Most of his students come from Jewish or Catholic backgrounds, he said, "and the first question many ask is, 'Do I have to become a Buddhist' to study Zen?
"I tell them, 'No, there is no conflict between meditation and religious belief,' " he said. "I'm not interested in converting you - just whether you want to sit or not."
Spiritual home to three priests, six teachers, and about 50 regular students, the community is named for Jizo, protector-deity of children, animals, and women. Like the woods, it is another theme from Roshi's past.
Prior to creating the community, he worked for a dozen years as a spiritual counselor at a Catholic women's shelter in Mount Holly, "where we hid women from abusive partners."
Jizo-An means "little Jizo" in Japanese. The community also goes by the name Pine Wind Zen Center.
Founded in 1987 - the year Roshi was ordained a Buddhist priest - the community, or sangha, met for its first two years in a large Victorian house in Riverton, then for 10 years in a split-level in Cinnaminson.
Roshi discovered the current house in 2000. Partly buried, heated by solar panels, and once cooled by a now-gone sod roof, it was designed as a residence by the late "green" architect Malcolm Wells of Cherry Hill.
"Some people think Shamong is the end of the Earth," Roshi said with a shrug. "So I say, 'Think of it as Medford.' "
Few passing motorists are aware of its presence, tucked off McKendimen Road inside pine and oak woods, and adjacent to 50 acres of protected forest.
Turn onto the winding driveway at 863, however, and you are greeted first by a statue of Kannon, the Buddhist deity of compassion, then by a tall wooden grizzly bear and cub, then a child's log cabin, and finally the concrete walls and long, low red roof of the main house.
But don't knock on the door with the doormat that reads "Go Away." That's Roshi's residence. (The doormat is in jest; it's a paradox, he assures.)
Instead, slip off your shoes and step into the serene zendo, or meditation hall, at the far end.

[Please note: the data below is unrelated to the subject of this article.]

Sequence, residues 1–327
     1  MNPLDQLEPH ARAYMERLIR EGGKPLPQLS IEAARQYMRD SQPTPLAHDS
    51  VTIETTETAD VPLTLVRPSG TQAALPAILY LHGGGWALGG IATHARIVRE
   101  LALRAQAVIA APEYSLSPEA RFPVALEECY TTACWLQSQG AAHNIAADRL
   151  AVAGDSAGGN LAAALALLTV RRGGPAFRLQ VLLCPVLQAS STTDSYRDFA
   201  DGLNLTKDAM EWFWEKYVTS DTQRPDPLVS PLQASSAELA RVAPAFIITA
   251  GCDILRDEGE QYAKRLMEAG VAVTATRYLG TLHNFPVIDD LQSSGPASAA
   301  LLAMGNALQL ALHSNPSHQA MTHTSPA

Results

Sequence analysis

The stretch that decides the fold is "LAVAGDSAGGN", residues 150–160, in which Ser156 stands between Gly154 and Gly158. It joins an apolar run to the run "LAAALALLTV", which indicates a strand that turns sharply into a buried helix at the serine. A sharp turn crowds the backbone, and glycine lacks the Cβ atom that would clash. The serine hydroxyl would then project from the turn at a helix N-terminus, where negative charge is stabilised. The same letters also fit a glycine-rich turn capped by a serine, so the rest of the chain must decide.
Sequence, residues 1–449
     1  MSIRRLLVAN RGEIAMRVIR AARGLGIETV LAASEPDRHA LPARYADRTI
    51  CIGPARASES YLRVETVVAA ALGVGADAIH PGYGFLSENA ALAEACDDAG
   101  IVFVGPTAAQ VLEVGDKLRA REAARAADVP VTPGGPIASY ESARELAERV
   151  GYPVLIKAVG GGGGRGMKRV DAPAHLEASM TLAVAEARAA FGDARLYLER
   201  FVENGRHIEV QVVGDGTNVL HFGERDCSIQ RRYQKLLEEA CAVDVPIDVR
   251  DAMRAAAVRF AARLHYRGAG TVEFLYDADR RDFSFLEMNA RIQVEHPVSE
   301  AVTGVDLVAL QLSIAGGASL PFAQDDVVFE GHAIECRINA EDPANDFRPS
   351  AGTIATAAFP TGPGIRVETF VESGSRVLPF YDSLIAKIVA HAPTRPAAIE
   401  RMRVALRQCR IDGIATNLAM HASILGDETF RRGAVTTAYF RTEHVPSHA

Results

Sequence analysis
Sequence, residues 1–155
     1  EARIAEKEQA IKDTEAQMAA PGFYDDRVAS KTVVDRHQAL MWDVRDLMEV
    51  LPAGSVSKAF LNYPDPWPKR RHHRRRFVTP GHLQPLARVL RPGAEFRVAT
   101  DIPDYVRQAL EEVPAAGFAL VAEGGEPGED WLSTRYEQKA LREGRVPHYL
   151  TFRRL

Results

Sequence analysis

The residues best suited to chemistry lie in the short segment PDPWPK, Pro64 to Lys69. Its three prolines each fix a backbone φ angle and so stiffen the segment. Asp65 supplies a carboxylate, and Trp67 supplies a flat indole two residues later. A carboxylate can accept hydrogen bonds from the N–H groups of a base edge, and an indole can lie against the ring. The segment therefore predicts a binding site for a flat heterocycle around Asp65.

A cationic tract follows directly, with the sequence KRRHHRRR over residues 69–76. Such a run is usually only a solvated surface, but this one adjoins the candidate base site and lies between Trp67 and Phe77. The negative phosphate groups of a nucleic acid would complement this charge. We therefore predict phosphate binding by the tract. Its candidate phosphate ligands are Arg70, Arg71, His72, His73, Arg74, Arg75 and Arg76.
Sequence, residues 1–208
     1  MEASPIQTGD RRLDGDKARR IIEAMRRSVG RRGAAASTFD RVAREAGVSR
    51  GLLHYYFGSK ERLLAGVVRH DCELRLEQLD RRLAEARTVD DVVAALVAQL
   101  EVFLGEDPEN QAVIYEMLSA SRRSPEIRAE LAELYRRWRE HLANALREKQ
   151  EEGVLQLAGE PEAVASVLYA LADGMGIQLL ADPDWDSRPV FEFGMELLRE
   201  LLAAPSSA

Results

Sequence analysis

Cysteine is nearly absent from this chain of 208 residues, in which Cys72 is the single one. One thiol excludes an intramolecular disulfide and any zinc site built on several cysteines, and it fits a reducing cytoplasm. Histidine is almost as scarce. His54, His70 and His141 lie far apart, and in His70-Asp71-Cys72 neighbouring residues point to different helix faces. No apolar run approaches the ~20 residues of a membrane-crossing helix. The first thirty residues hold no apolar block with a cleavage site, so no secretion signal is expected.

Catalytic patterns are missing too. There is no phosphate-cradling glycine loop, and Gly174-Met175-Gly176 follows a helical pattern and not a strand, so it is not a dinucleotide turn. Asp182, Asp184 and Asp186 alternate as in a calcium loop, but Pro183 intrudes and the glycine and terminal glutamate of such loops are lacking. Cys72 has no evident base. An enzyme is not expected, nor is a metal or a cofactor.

Here, pine timbers frame cream-colored walls that rise to a high, timbered ceiling. The floor is lined with traditional bamboo tatami mats topped by orderly rows of 16 meditation cushions flanking a white, ceramic Buddha.
Nearly lifesize, the statue sits cross-legged before a low wooden table, his eyes downcast, palms cupped in his lap - the traditional pose of his enlightenment. A small Jizo, his hands clasped in prayer, stands alongside him.
"We wanted to create as authentic a zendo as you'd find in Japan," said Roshi, who planned the space with the help of a Berlin, N.J., design firm. The hall includes one less traditional element: a photo by the door of his late dog, Aubrey.
"She was my best friend," he said. "When we'd chant the sutras she'd sit to my right and hum." Divorced, he has a 5-year-old daughter, Katie, whom he fondly calls "the true teacher."
Although fellow monks once resided at the center, Roshi now lives alone, except for when Katie stays.
His days typically begin at 6 a.m. with prayer and zazen, or meditation, usually with a few monks and students. Daily duties may entail chores around the property, study, and teaching, ending with evening prayers and more meditation. He also does weddings and funerals, and blesses newborns as well as pets.
The community is supported by memberships and visitor donations. Roshi also receives a modest income from his family's trucking business.
Jizo-An practices the Soto approach to Zen, which emphasizes the "quiet illumination" of meditation over the question-and-answer dynamic of Rinzai Zen, which seeks ecstatic epiphany.
Although trained at a traditional Zen monastery and ordained by a highly regarded Zen master, Roshi insists he is "not concerned about things like schools and lineage."
Instead, he said, he teaches a message of self-awareness and authenticity - ideas he first encountered at age 12, when he found a copy of Seeds of Contemplation, by the Trappist monk Thomas Merton, in a pew at his church.
"I remember one line," he said. " 'A tree gives glory to God by being a tree.' It jumped out, and it became central not just to my life but the theme of everything I preach: to be who and what we are.
"I tell people, you do not do Zen, only be it."
He immediately began to "devour" Merton's other writings, he said, and by age 15 "knew I had to turn East," to Buddhism. His parents "did not stand in the way."
And while traditional Buddhism eschews belief in what the West calls "God," Roshi uses the word frequently in his teachings: "I don't believe Buddhism or the theistic traditions can claim absolute awareness of what is so."
For the last two years he has conducted monthly "Zen chats" at the Yoga for Living Center in Cherry Hill, but after the July 19 chat titled "What is Zen?" (start time is 7 p.m.), he will resume them at Jizo-An in November.
"People were not getting the whole experience" of a Zen temple, he explained, adding he hopes the 35-minute drive time from Cherry Hill won't deter prospective students. "The talk in Cherry Hill was a talk. This is the experience," he said.
"I want to bring them home."
The center is hosting an "open house festival" Aug. 9, starting 1 p.m.
For more information, contact Jizo-an Monastery/Pine Wind Zen Center at 863 McKendimen Road in Shamong, call 609-268-9151, or go to www.pinewind.org.